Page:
The process of the disappearance of borders, as I try to conceptualize here, and my thesis is that the wish is almost completed (just lets think of the Wall Street collapse and the world that is falling down as a domino effect) is in fact connected to the processes of the accumulation of capital. One is surely accumulation by dispossession, meaning getting rid of, being robbed of, any difference. The second process is what we are facing today, and is called the imperialism of circulation. Michael Hudson in his Super Imperialism, from 1972 (recently republished), says that instead of there being a crisis as regards gaps in distribution, today we are witnessing a process contrary to it, which is “the imperialism of circulation.” But to come to the imperialism of circulation today, you have to be dispossessed. In 1972, Hudson already announced that the borders which were preventing distribution, forming gaps in distribution, would be removed by the imperialism of circulation. I can state that both processes – accumulation by dispossession and the imperialism of circulation – have to be seen not as a simple cut between the modes of the accumulation of capital (sending the accumulation by dispossession to retirement), but that one constituted the parameters (through dispossession) of the other in order to dominate at the present moment.
I roughly sketched out some of the most interesting moments that are part of the important debate regarding the question of the accumulation and redistribution of financial capital, which has to be seen as the logic for any serious debate of what is to be done at the present moment, regarding questions of agency for a possible emancipatory politics within/against global capitalism. It is also not necessary to repeat that this background is part of the new way that is imposed and made operative in order to think differently about borders as well. The borders are gone, and the price to be paid is the total dispossession of all our ideas, stances, and specificities. Capital has only one agenda, though – surplus value – and this is more than a program or a Hollywood film conspiracy. It is a drive; human desire against this mad drive is not an equal opponent. The imperialism of circulation without differences, as the primal logic of the condition of the production of global financial capitalism implies that what is produced is money. But as the crisis implies, this bubble will explode sooner or later as well. Last, but not least, the recent capitalist economic crisis which can be described as a process of stagflation, i.e. of differential inflation amid stagnation, is not only a sign, but also the realization of new processes of the capitalization of financial capital in connection with new modes of capital accumulation. Individually and institutionally, we can all detect the rising prices of different goods and services, which are processes of differential inflation in the middle of what experts in numerous articles in newspapers depict as the present capitalist stagnation for us laics in the field of economics (after more than a decade of prosperity and deflation!). The consequences of the crisis are still not predictable and will escalate further.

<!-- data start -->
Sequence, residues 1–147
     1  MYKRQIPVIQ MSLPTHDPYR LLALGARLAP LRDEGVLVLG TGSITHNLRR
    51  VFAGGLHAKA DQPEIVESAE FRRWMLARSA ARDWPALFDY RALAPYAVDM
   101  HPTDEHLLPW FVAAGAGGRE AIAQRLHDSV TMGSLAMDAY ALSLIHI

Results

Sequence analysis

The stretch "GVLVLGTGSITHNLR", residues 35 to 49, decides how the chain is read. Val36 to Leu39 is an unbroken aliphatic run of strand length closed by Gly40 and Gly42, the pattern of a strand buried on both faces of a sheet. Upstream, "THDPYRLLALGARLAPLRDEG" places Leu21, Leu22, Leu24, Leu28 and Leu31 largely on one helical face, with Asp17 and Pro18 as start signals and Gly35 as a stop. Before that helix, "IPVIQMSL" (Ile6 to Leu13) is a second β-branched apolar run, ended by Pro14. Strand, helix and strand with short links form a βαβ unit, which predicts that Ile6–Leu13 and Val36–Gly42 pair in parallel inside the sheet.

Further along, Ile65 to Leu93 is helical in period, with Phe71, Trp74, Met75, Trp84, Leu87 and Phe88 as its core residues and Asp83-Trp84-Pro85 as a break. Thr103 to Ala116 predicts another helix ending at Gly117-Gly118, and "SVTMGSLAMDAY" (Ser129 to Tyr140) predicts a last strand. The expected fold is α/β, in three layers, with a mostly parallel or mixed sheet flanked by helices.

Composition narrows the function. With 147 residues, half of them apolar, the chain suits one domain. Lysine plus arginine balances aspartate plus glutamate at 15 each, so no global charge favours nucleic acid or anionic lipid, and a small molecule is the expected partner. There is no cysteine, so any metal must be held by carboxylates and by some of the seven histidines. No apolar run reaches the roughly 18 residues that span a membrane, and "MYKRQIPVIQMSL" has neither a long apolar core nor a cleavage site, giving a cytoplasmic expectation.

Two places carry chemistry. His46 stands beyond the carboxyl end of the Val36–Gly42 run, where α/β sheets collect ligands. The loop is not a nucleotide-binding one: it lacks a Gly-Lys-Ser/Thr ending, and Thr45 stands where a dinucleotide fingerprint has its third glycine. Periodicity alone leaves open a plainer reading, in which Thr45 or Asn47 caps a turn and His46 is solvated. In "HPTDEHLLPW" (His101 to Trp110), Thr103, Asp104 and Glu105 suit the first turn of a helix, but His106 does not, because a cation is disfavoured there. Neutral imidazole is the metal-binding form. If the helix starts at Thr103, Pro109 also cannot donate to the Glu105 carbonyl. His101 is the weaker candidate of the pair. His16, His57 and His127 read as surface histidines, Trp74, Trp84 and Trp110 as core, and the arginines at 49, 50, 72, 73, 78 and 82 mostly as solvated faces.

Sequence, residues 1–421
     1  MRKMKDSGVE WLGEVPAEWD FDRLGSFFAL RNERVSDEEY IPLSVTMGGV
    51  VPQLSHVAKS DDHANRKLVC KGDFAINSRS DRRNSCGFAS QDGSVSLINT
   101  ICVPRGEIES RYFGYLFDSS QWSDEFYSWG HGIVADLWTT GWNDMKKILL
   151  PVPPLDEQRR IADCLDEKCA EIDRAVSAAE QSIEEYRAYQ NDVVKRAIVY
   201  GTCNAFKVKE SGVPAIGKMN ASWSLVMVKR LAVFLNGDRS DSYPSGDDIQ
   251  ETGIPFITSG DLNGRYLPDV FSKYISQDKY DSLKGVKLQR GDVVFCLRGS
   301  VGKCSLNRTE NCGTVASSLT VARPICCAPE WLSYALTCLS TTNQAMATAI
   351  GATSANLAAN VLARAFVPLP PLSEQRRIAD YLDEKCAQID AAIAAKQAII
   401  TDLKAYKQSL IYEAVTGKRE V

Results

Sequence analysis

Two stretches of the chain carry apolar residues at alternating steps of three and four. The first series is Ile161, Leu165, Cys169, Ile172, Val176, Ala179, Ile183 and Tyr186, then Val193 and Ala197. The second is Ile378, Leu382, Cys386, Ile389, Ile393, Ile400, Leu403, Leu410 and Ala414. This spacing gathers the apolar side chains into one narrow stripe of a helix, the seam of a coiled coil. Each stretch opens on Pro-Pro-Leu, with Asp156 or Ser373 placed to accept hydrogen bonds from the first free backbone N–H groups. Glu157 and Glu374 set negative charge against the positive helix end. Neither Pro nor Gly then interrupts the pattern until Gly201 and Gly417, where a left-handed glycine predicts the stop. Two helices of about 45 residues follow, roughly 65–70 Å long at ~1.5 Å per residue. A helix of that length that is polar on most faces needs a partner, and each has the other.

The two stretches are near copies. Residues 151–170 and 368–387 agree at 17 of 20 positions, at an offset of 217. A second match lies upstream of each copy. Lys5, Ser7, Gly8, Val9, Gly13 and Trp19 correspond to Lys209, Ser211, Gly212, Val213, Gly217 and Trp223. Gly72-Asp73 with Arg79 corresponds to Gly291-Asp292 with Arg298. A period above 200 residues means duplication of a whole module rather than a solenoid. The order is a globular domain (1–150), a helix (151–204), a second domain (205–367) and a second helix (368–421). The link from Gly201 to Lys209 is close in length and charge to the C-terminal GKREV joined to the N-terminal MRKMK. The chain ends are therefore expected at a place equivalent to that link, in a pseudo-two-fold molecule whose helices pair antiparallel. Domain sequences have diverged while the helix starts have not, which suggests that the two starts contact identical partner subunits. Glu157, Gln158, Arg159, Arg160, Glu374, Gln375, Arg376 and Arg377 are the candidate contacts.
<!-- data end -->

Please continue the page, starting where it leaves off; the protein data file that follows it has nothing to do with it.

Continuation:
But what is important for us now is the subsequent or parallel process that is equivalent to Hudson’s “imperialism of endless circulation” and which I can simply describe, making reference to Jelica Šumič-Riha’s article “Prisoners of the Inexistent Other,” by stating that what is impossible in the world of capitalism today is impossibility as such. They work together: on one side the imperialism of circulation, and on the other, the impossibility of something being impossible. The imperialism of circulation, in its frenetic processes, prevents the subversion, the attack of any master entity. Everything circulates, is exchanged, clearly dispossessed of any difference, and no obstacles are to be seen in the network that structures reality for us. Those once perceived as enemies, from individuals to institutions, behave as if we were all in the same “merde” (to use this juicy French word for “shit”), as if we were all together, and if we all had to find the remedy to our problems and needs, obstacles, etc. (while those who generate expropriation and dispossession have to be forgotten immediately). It is almost impossible to say that something is impossible today.
Or to put this differently, in the past a subversive act was possible as it was subversion against the clear foreclosure and division in society. We had the borders. The big Other, the virtual symbolic order, the network that structures/d reality for us, was the thing giving “consistency”, so to speak. It was almost a guarantee of an intervention against it. The world today presents itself in an endless circulation (imperialism is an excellent concept capturing this drive) that is seen as “friendly” and endless exchange, and therefore in order to solve expropriation, enslavement, and neocolonial interventions by capital, only one measure is proposed, and this is called coordination. I recently found a completely serious political proposal that stated that the only thing to be done to solve our problems is an effective “coordination.” My question is, can we really be dumb enough to stick to such theories? Of course they all have an ace hidden in their pocket or up their sleeve in order for things to circulate smoothly. It is necessary to successfully coordinate the process of getting rid of a small number of those who still bother us with social antagonisms and class struggle. I am not saying, though, that there is not a need, as in the case of accumulation, for a new conceptualization and historization of the class struggle!